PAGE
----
by Will Lloyd
Monday, 1
November 2021
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17:19

Nobody can reform the National Trust

The charity has become the most conservative force in England
by Will Lloyd
An England where nothing ever changes. Credit: Matt Cardy/Getty Images

Watching the National Trust’s Annual General Meeting is not my usual idea of fun. But last Saturday’s AGM was supposed to be different.

Ever since the Trust released a report in September 2020 tracing its properties’ connections to colonialism and slavery, the mood music around the place had been Wagnerian, apocalyptic.

Two sides emerged: the ‘woke’ establishment that ran one of the country’s largest charities, and Restore Trust, a rebel group dredged from the Telegraph‘s comment desk (and comment section), that wanted to put all that nasty politicisation back in its box.

A recent feature all but promised blood in the cream teas at this year’s meeting. I expected to see flying dentures and passionate speeches, walking sticks brandishingly revealed to be swords, and maybe a disgusted Simon Heffer launching a bust of Thomas Carlyle at the Trust’s council.

Sadly the reality was much more prosaic. Restore Trust put forward three resolutions and won one of them: a proposal to disclose the full of pay of the National Trust’s senior staff. It lost the other two, largely because the Trust had 20,000 or so discretionary votes at its disposal. Two Restore candidates were elected to the council. There was no violence on the floor of the hall.

The AGM was, nevertheless, revealing — because the Trust itself is revealing. Of England, and the way we think about ourselves here. The Trust was set up during a levitating moment in our national history when England ruled the world. High Victorian reformers with names like Canon Hardwick Drummond Rawnsley established it with the wonderfully patronising notion of gifting the working classes some fresh air.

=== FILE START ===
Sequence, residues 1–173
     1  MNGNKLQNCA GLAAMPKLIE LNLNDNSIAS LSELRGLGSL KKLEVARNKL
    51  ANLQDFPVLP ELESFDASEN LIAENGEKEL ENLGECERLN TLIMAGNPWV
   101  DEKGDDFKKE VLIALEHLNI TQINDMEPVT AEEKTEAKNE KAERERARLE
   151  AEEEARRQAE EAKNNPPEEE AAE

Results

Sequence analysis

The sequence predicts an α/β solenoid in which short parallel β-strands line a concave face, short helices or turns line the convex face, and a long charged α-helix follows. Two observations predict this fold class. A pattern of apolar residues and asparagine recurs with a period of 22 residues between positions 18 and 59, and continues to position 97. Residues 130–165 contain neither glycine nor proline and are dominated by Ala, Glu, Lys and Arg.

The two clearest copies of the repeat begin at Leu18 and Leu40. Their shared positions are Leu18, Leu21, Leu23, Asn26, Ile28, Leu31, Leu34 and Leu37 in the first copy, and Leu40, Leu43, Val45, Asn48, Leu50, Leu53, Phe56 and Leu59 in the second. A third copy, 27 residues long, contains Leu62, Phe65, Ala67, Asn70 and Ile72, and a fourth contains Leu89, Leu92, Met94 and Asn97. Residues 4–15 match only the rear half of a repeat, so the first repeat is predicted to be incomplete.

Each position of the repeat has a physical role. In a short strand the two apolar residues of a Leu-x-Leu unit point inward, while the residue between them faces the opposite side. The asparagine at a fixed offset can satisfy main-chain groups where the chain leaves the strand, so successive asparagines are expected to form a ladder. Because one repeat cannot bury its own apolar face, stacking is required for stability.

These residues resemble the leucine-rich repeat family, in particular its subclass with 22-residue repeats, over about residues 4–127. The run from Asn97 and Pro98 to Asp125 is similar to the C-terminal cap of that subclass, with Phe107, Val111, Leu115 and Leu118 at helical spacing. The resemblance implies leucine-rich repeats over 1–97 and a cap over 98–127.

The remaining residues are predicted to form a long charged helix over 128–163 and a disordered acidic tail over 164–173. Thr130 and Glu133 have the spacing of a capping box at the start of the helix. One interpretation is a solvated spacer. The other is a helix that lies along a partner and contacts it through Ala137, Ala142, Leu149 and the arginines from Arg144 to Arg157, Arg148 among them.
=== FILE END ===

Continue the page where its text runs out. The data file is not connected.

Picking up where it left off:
England’s power soon melted away. But the Trust’s remained — and it’s become something like an imperial power within England’s borders. It’s mission is grander, greater, and more expansive than ever. “For ever, for everyone” goes its motto. It owns more land than the Ministry of Defence, the Crown, and the Church.

Far more telling than its report about colonialism and slavery (every institution in the country has been busily doing this for 18 months now) was the way the Trust condemned the Government’s plans for new permitted development rules earlier this year. No building please, we’re English!

In 2005 A.A. Gill said the Trust was part of a “nostalgia industry of heritage”. The only message it had for us was that the “best is all behind us, we will never be able to make or live as marvellously as our ancestors”. The only role we had left in the world was insular: be the museum curators, droning tour guides and assiduous embalmers of a past where all the sharp objects have been removed.

On Saturday both sides fell into this pattern, even as they thought they were in combat with each other. The Trust’s current rulers want feel-bad nostalgia. Restore want feel-good nostalgia. Cringe under a marble statue of your betters, or hate those figures so irrationally you want to chuck them into a river.

The battle around the Trust, far from revealing “the boiling emotions of a nation in flux” as the Guardian put it, shows a country with its head screwed tightly into the sand.

Join the discussion


  • Okay, so you’ve written a screed, but nothing constructive about any ‘reforms’. That said, liberals / The Left tend to dominate every cultural sphere today. Methinks if in fact the Nat’l Trust is so ‘conservative’, one could look at its role as a ‘balancing act’. However, it does what it set out to do, to conserve buildings and countryside for future generations to learn from and enjoy.

  • But you can still wander around some great stately home appreciating the beauty of the place if you so choose, unsoiled by the back story of how it came to be. There are however layers of historical fact to be uncovered, and some of that is troubling. Some of us feel better for knowing about the dirt. Didn’t stop me getting married in a re-purposed stately home.
    Personally I’m more of an English Heritage man, and they tend a lot more to ruined Abbeys than pristine stately homes. You cannot look round a ruined abbey without wondering how it came to be that way, who did it and who benefited. And to be sure you can also imagine and piece together the lives the monks and lay brothers led, what it took to run the estate, including the thousands of surrounding and far-flung agricultural acres, and how the abbey functioned in the regional economy ( in many places, functioned *as* the regional economy). A lifetime of visits won[‘t give you the whole story, there is always more to learn.

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